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Kasich’s Ohio win gives Republicans one last chance to choose anyone but Trump

Republican U.S. presidential candidate and Ohio Governor John Kasich (L) talks with businessman Donald Trump (R) as Trump looks at his watch at the conclusion of the 2016 U.S. Republican presidential candidates debate held by CNBC in Boulder, Colorado, October 28, 2015.
Reuters/Rick Wilking
Not tonight, Donald.
Published Last updated This article is more than 2 years old.

In Florida, Republicans poured out of their nursing homes to vote for Donald Trump. In North Carolina, where the mills went overseas, angry voters picked the billionaire. In Illinois and in Missouri, they looked to Trump and Trump again.

Only in Ohio—which picked the last three GOP nominees—did the tide turn, as Republican voters picked their own governor, John Kasich, to lead the party ticket in November.

And so, even as Trump took another large step toward securing the Republican nomination, the Buckeye state may play a crucial role in ensuring that he can’t win it outright. And Ohio isn’t done with the Republican party yet.

Denying Trump the state’s 66 delegates—5% of the 1,237 needed for the nomination—could end up being the difference between a Trump coronation and a contested convention in Cleveland, Ohio, this summer.

For now, with Florida senator Marco Rubio folding after an ignominious home-state defeat, it comes down to Trump, Kasich and Texas senator Ted Cruz.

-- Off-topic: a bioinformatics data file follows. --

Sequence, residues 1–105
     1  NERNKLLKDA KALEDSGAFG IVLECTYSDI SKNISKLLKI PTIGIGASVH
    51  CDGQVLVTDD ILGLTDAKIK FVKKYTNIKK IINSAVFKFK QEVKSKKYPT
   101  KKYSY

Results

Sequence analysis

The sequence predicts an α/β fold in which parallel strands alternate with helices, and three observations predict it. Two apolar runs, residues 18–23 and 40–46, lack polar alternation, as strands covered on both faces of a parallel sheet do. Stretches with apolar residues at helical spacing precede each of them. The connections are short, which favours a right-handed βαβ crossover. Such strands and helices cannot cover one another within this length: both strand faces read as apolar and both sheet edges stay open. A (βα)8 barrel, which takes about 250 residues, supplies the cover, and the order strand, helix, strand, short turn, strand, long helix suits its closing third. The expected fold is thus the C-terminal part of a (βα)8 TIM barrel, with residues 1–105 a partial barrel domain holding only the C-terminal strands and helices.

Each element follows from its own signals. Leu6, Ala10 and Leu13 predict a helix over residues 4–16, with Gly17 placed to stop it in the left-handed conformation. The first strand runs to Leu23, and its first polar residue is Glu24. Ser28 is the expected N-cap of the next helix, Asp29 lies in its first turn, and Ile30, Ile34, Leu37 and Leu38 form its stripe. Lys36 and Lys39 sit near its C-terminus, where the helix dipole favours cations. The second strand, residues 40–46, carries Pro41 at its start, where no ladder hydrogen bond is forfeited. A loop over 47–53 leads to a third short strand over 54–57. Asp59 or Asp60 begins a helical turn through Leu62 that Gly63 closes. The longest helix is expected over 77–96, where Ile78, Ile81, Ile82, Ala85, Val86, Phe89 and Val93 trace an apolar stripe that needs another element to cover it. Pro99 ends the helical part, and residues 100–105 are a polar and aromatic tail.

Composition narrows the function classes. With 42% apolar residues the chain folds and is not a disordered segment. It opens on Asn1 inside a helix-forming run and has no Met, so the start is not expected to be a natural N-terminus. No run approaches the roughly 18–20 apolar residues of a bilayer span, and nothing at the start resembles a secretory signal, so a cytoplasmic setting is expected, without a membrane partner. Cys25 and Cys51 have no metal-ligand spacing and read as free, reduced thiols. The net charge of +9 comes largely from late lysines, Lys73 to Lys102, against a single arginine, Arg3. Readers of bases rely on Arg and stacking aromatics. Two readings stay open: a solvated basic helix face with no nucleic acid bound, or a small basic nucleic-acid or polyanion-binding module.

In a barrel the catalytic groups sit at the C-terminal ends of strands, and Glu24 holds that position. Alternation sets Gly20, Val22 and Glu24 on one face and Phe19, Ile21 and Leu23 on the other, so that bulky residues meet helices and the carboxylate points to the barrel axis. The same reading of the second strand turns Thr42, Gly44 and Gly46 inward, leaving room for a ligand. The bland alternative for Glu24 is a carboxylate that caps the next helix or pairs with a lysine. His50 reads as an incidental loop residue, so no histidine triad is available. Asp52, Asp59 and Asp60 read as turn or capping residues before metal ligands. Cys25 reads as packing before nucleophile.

Kasich’s chance of winning enough delegates to secure the nomination outright are astronomical—he’d need to win 80% of the remaining delegates, and so far his moderate campaign has played better with the media than with the voters. But he is likely to present a more attractive face to the Republican establishment, and its fundraisers, than Cruz.

Cruz’s campaign believes he still has a path to outright victory, but it depends on Kasich dropping out, and the Texas senator would still have to win nearly 70% of the remaining delegates. He is less likely to attract the support of Republican big-wigs, but they may conclude that he represents their only option to beat Trump.

But if Cruz and Kasich both stay in the race, they are on track to block Trump from a majority.

If no candidate for the nomination can earn a majority of delegates in the party’s votes and caucuses, then Republican delegates will battle through however many rounds of voting are needed to come to a consensus on a nominee. It could be one of the candidates, or a surprise choice like former nominee Mitt Romney or House speaker Paul Ryan.

“I believe with all my heart that the winner of the Florida primary next Tuesday will be the nominee of the Republican party,” Rubio had said just last week. Now he clearly hopes that he will be proven wrong.

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